Then mute the reference track and play back your mix. What's different? Are the bass frequencies way out of control on your mix as compared to the reference?

The first impulse here is to strap some EQ or something over your MASTER but don't - address it at the track level first.

Mute the bass synth and any bass heavy instruments and just have the kick drum. What are the bass frequencies doing now? Still out of control? Drop the kick volume or carve out some EQ (likely dropping stuff under about 60hz and dropping the frequencies around 200hz, but don't take those numbers as gospel - every sound will be different.)

Bring in each successive bass instrument after that and see what happens. If it jumps wildly louder, you have a good place to start looking, so maybe mute every other bass heavy instrument and see what this "problem" instrument is doing by itself in the mix. If it's fine by itself, your problem is likely a build up of bass energy with all of the other bass instruments together and you'll want to carve around it with EQ. Don't listen in isolation when you do this, your ears will lie to you. You need to hear how it works in the mix with the other instruments occupying that space.

If you manage to get it mostly working but things are sticking out weird, that's when you want to compress the problem tracks to get them even. Again, in isolation, this will sound flat and boring, but in a mix this can mean the difference between this sound overpowering everything else or it getting buried. Bass frequency management is usually the main difference between a bad amateur mix and a pro sounding mix.

At THAT point, if things are still getting masked, it's time to wheel out dynamic EQ or multiband compressors, or do things like sidechaining. But I would almost guarantee, though, that it won't need to get to this point in the great majority of cases.

... and then you have mastering and how it will affect the balance of everything, which is a whole other can of faecal matter 😕 But start at the mix first. This should give you a bit to think about. :)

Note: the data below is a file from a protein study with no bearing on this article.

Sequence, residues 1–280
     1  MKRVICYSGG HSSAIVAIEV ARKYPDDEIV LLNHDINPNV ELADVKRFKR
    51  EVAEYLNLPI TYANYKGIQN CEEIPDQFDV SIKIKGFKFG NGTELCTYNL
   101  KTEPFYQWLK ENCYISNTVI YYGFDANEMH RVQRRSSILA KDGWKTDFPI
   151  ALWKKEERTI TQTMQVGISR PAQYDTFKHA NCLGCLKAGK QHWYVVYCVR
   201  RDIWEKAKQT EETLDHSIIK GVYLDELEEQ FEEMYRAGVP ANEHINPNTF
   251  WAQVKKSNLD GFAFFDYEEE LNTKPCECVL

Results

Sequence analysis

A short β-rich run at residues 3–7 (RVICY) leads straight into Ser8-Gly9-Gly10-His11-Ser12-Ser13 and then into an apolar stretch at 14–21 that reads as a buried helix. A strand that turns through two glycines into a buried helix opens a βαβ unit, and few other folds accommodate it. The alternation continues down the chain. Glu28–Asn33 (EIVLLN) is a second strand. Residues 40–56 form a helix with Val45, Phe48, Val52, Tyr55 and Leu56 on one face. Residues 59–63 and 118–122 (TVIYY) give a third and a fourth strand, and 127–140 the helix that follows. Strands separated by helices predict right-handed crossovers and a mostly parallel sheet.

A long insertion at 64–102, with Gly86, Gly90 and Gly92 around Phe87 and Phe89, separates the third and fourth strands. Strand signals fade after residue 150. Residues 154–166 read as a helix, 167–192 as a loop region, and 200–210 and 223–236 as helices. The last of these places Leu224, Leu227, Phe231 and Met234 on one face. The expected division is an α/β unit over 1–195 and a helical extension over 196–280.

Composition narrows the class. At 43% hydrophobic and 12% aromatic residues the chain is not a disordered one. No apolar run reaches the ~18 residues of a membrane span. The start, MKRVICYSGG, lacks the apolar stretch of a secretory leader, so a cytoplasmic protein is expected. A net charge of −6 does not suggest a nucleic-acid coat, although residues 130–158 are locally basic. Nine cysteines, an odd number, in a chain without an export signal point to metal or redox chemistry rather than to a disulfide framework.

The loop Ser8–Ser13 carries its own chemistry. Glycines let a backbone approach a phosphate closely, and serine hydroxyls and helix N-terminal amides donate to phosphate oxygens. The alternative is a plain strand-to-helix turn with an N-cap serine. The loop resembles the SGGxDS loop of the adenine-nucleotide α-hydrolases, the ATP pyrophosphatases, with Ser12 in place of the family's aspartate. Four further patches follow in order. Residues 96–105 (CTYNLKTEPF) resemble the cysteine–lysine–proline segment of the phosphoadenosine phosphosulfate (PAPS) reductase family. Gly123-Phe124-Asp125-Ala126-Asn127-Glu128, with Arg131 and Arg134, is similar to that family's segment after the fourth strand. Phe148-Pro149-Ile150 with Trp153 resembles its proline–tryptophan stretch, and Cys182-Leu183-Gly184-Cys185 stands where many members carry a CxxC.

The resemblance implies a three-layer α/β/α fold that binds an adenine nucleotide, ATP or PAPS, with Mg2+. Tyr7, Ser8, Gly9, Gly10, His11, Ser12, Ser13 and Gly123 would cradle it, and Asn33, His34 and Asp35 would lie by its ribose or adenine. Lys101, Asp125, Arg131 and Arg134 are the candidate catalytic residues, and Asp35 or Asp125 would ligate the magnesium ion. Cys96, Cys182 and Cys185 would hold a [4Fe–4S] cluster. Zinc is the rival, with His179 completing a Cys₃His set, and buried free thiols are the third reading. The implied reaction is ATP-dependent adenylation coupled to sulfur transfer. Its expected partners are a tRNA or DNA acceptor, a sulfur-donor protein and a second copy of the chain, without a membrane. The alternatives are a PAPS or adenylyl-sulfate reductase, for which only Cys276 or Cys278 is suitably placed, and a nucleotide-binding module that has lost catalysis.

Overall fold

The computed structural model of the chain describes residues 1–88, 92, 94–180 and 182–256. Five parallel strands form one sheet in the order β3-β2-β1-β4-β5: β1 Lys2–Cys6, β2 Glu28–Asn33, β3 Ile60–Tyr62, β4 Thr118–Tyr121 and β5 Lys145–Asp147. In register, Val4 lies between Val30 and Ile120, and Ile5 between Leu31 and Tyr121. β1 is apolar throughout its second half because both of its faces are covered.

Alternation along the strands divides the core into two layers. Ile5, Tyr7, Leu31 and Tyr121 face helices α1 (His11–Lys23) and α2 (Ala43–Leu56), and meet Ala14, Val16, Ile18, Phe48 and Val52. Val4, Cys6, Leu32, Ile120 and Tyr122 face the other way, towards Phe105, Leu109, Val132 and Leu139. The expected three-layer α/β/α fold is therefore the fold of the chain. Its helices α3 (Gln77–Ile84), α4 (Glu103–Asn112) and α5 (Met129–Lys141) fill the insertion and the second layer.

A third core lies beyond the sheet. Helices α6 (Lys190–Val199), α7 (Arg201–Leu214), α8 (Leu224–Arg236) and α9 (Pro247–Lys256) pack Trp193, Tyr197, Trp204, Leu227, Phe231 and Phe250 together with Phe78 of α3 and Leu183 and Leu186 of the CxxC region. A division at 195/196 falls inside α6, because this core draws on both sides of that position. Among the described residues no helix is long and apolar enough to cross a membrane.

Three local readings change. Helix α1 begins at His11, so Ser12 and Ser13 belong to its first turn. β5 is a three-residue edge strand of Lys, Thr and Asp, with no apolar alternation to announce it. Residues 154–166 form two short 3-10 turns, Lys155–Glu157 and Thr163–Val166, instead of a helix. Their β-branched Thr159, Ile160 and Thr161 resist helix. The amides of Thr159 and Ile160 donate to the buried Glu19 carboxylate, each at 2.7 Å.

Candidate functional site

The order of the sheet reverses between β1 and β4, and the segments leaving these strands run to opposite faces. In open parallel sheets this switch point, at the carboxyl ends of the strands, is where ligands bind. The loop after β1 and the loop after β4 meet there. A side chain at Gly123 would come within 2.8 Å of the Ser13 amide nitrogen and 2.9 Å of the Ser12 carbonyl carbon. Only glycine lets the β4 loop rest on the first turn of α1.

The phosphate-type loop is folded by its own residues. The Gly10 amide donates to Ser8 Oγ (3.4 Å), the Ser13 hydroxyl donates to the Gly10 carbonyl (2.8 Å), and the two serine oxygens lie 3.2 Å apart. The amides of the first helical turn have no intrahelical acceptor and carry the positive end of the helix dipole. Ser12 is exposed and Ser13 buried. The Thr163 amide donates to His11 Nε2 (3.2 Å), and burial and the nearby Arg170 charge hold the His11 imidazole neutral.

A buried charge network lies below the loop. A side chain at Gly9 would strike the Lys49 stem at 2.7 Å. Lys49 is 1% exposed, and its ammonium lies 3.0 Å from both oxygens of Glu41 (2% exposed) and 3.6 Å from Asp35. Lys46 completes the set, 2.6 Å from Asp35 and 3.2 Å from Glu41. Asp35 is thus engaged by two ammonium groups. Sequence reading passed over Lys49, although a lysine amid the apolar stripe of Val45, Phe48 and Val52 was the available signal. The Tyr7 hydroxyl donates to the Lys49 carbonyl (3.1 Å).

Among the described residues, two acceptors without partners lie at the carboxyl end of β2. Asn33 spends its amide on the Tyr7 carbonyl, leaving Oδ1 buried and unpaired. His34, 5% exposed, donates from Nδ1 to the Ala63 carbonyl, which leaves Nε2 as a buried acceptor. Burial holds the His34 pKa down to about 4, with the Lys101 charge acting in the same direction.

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^^ Having said all of that, the difference you're hearing may indeed just be the mastering. Having the entire mix properly balanced with EQ and compressed may give you that sound. But my advice is to get it as close as you can at the mix level first before jumping down that rabbit hole.

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i play electric bass.

when i'm recording it, i typically split two inputs,  and use two pedals for DI line level captures:

Sansamp Bass DI

Strymon Iridium

 

with the sansamp, i'm dialing in a very deep clean bass tone (the basis of the sansamp is the venerable Ampeg svt amplifier)

 

with the Iridium, i'm using a marshall superlead amp paired with a ampeg 4x10 IR, and the marshall is set for an aggressive lead tone, eq'd for midrange and high end bite.

 

then, i mix those two tracks together to a common mono bass sub buss, and blend the lows to the highs based on the song and arrangment.

this gives me pretty in your face bass tracks.

 

if the sansamp has too many low, i just use a HPF and find the sweet spot.

i'll take anywhere from 150hz up to 300 hz out wherever i have buildups.

 

i'll compress and/or limit the bass sub buss to get the levels consistent, if they aren't already.

i can post clips to demonstrate if interested.

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Posted (edited)

What works for me is not eq or compressors or nothing. Just the right bass sound to begin with. First I’m a bass player so I have a few good basses and amps, pre amp etc. i spent my life searching for good bass tone that works in a live band situation. That sound is never quite right for recording.